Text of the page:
That might’ve been enough to give the NextFit an edge over the other seats already, but child comfort was the priority with parents that solidified Chicco’s winning status. Parents loved the airplane-pillow-shaped headrest and memory-foam-like texture of the seat cushion, especially when compared to the other, less luxe-feeling materials on the Graco and Britax seats. Combined with the seat’s superior (machine-washable) cushioning and removable cupholder, parents walked away convinced that this seat would make their kid happiest.
In terms of weight, the Chicco is much heavier than the Graco (though not quite as heavy as the Britax); lifting it feels similar to carrying a very full bag of groceries. That’s fine if you plan to leave it in one car — nearly half of the parents we surveyed do — but if you want a seat you could bring it to the airport when traveling or just need to move it between cars in the driveway regularly, you may be better off with the Graco.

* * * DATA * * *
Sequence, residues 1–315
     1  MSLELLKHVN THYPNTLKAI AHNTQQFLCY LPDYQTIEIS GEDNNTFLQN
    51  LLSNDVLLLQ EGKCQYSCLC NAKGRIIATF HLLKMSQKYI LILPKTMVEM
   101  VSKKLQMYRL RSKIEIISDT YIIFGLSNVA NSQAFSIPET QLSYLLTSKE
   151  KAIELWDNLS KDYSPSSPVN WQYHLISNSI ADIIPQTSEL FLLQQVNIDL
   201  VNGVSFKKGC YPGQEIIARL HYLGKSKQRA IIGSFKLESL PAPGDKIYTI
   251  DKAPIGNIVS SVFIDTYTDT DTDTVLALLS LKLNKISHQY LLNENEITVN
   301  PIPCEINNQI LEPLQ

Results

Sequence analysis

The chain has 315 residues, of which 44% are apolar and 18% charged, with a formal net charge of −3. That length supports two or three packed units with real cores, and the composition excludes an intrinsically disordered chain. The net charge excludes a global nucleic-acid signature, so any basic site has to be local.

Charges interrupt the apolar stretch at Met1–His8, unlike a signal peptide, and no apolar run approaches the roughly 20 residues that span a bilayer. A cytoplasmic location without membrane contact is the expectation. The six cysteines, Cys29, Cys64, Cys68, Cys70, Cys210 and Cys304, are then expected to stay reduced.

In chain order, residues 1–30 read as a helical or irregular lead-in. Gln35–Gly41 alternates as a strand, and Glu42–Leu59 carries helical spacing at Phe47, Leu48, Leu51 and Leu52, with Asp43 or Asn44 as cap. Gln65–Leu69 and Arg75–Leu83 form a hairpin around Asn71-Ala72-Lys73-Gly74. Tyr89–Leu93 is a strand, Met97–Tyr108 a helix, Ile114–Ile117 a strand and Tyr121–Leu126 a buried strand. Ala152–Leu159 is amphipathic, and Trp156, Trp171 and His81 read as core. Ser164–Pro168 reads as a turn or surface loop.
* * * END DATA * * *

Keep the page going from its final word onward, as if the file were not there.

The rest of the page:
The only reservation we had about the Chicco was a lower-than-average score in NHTSA’s ease-of-installation for rear-facing. After doing some digging, we credit that to a potentially less-than-ideal experience when parents install the seat rear-facing with a seatbelt.
NHTSA reports that the person installing the seat “must move padding to route the vehicle belt,” that some “interference” is possible between the seat and the belt routing system. Despite those potential issues, it did earn a “very good” rating for rear-facing belt installation from Consumer Reports. And since the everyday usability features of the NextFit surpassed all others, we were still willing to give it the edge.